There may be a way rockbox can increase the audio playback tempo per file, but I’ve not looked into doing that. (Increasing the playback without altering the voices so they sound like Mickey Mouse.)

5150 Talks about creating an IRC Channel
Registering a Freenode.Net IRC channel and setting up operators

• Establish your new Freenode channel
• Freeenode was originally set up to support development projects and that is still reflected in their mission statement.
• To register a channel, you must have a registered nick
• Channel  naming official (primary) channels start with a single hash.   Secondary, unofficial channel names start with two hashes.  Say we  wanted to create a sub channel to discuss the design of the web page, we  might call it ##LinuxLUGCastWordpress
• Check the availabilty of the the channel you want to register.  Freenode says to use /msg ChanServ info #MyNewChannel , but  that command never returned anything for me, even with channels I knew  existed. Do worry, ChanServ won’t let you register a channel name (case  insensitive) that already exits.
• All you have to do to create a channel is to join it /join #MyNewChannel   Note, you re automatically set as admin for this channel.  Of course,  if you don’t register the channel (or hold it open with a bot), it will  disappear as soon as all users leave.
• Now register your channel /msg ChanServ register #MyNewChannel
• Set yourself up as administrator (Operator, or op) for your channel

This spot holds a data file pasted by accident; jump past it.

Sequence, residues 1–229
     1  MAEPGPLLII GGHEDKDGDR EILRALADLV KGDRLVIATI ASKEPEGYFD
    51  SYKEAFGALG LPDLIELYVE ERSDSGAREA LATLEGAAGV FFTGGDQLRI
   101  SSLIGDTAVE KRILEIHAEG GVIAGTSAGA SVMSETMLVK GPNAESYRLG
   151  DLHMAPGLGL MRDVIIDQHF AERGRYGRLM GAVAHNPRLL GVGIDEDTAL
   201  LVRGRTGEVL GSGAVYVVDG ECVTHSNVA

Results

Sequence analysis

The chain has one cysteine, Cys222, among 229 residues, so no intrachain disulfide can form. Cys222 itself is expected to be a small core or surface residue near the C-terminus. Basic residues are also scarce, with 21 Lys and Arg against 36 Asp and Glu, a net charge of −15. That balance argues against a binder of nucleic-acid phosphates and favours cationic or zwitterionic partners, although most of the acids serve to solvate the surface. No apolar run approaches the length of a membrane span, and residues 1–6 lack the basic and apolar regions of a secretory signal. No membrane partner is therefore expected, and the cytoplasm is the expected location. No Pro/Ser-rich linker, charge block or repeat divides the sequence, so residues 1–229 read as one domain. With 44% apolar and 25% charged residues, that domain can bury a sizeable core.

• But  I’m already an op since I created the channel, you say.  Not so much  I’m afraid.  Leave the channel and come back, see, you are no longer OP.
• You are not an OP but you are the Founder, which gives you right to make people, including youself, OPs
/msg ChanServ OP #MyNewChannel MyNick
• If you want to set up your fellow OPs at this point use /msg ChanServ OP #MyNewChannel OtherOpNick
• Set operator defaults for yourself and your fellow operators
• But  wait a minute, I’m still not an OP!  If you are using a GUI IRCmanager,  like XChat, if you right click on your name you will find a menu item  like “Operator Actions”, and under that “Give Ops” and “Take Ops”.  You  can elevate yourself here, and you can do the same for the others you  made OPs (though they won’t be able to do it for themselves yet).
• You  set operator defaults with the FLAGS command.  The +O arguement means  the user will always join the channel as an OP, +o joins them as a  regular user with the option to elevate themselves, i.e:
• You always want to join the channel as an OP, issue: /msg ChanServ FLAGS #MyNewChannel MyNick +O
• If you want the other OP you created to join a a regular user with the power to make themselves an OP, issue:  /msg ChanServ FLAGS #MyNewChannel OtherOpNick +o